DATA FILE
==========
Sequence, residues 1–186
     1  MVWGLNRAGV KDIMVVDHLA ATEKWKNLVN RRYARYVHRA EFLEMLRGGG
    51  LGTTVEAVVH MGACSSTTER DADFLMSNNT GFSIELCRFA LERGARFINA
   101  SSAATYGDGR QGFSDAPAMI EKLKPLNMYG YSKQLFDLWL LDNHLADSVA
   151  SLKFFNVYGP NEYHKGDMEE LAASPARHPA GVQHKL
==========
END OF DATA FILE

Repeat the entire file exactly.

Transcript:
Sequence, residues 1–186
     1  MVWGLNRAGV KDIMVVDHLA ATEKWKNLVN RRYARYVHRA EFLEMLRGGG
    51  LGTTVEAVVH MGACSSTTER DADFLMSNNT GFSIELCRFA LERGARFINA
   101  SSAATYGDGR QGFSDAPAMI EKLKPLNMYG YSKQLFDLWL LDNHLADSVA
   151  SLKFFNVYGP NEYHKGDMEE LAASPARHPA GVQHKL